It is a Jew’s job to behave uprightly and honestly to the utmost of their ability. One should always be honest in one’s dealings and not seek to deceive others. The rabbis state that our yes should mean yes and our no should mean no.
It is a misconception that the Torah tells us we are not allowed to lie in the Ten Commandments. That particular commandment is about court evidence. The prohibition on dishonesty is to be found later, in Leviticus 19:11.
The rabbis tell us that dishonesty extends even to messing around with a person to get them to think something for a joke.
The term for this is geneivat da’at – in English deception, or literally stealing their understanding. This is derived from Jacob’s deception of Laban, and Absalom his father David.
The origin of the term is attributed to the Talmudic sage Samuel, who lived in Nehardea, who states in Chullin (94a): “It is forbidden to mislead people, even a non-Jew.”
The Talmudic “even” is notable. Deception of anyone is prohibited. Indeed, in business situations the rabbis give examples of how straightforward we must be, to the extent that if we buy an item and discover another more valuable item to be concealed within it, we must return the more valuable item to its rightful owner.
Among ourselves, we are only allowed to make a profit of one sixth over the cost of an item.
Of course, cheating in exams falls under this prohibition, because you are lying about your qualifications.
Recently another, more modern form of dishonesty has been uncovered: taking drugs in athletics.
The whole Russian team appears to be suspect. The International Olympics Committee considered banning all the Russian competitors, which would have been a reasonable penalty. Unfortunately it changed its mind. This could have the result of throwing suspicion over many competitors, and has caused untold damage to the competitions in which they participate.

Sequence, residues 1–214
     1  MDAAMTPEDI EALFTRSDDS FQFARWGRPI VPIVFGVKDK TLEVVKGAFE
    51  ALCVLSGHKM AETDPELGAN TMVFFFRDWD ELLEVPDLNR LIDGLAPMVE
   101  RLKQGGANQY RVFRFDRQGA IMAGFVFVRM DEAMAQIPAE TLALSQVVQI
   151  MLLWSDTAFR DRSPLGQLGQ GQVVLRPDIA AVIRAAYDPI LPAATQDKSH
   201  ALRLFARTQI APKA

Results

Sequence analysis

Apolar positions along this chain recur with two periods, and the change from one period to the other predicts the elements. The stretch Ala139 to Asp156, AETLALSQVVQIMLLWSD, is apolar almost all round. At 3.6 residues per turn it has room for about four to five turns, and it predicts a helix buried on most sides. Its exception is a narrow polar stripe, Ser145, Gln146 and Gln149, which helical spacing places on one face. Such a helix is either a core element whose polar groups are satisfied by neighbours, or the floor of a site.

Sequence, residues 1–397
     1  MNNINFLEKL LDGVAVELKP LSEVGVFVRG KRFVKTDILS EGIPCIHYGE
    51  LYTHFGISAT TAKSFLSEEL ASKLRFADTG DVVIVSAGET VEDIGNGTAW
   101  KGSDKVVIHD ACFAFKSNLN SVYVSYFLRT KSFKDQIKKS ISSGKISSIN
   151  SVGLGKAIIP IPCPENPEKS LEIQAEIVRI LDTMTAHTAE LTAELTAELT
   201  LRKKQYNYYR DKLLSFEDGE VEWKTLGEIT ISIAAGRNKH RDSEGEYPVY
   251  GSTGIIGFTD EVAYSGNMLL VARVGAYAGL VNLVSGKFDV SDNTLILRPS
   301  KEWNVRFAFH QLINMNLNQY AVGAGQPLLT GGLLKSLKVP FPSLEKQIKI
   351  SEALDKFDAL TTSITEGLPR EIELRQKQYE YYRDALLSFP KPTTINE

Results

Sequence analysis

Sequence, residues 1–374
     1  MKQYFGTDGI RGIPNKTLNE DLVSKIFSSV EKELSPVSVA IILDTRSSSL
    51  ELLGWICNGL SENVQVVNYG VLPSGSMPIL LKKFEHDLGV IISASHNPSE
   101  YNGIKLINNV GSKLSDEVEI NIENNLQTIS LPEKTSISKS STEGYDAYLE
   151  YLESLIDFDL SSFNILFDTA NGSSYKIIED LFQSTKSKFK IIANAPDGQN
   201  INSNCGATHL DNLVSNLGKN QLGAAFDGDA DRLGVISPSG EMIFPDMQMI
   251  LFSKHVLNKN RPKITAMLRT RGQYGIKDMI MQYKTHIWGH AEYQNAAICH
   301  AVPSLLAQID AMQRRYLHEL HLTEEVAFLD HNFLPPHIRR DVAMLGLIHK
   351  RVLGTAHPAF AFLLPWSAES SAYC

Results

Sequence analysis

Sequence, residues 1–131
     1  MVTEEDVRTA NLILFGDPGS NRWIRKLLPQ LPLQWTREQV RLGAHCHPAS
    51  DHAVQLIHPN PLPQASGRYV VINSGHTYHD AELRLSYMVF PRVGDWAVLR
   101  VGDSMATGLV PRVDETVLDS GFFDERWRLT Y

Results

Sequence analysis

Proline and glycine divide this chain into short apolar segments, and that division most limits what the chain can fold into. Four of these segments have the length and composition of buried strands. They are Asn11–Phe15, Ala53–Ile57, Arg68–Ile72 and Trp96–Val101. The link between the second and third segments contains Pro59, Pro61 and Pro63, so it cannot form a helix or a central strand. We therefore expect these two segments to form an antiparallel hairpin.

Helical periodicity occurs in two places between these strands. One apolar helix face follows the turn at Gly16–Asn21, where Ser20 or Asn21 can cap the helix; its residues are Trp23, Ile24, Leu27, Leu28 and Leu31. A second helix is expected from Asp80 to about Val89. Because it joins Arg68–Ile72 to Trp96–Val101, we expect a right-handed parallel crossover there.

The deception here is compounded by the health risks. Drugs are often used to disguise heavy use of steroids, which can take high tolls on health.
We are forbidden from intentionally damaging ourselves. At one point, the gymnastic teams of Romania and Bulgaria took the disgusting step of getting young girl gymnasts pregnant to enhance their flexibility.
The morality of such an act is utterly reprehensible, no matter how “scientifically” administered, not to mention the physical and psychological effects.
The implications of cheating in sport are very serious, as the drugs may well seriously alter the result of the event, and this has bearing on the whole business of sport and on the practice of betting on the results.
The greatest damage, though, of this most recent scandal appears to have been to athletics in general. The good name of the sport, the damage done to the name of Russian athletics and, of course, the suspicions raised against all the medallists over the past eight years, are all reasons why this dishonesty is utterly prohibited.
• Zvi Solomons is rabbi of the Jewish community of Berkshire. See www.JCoB.org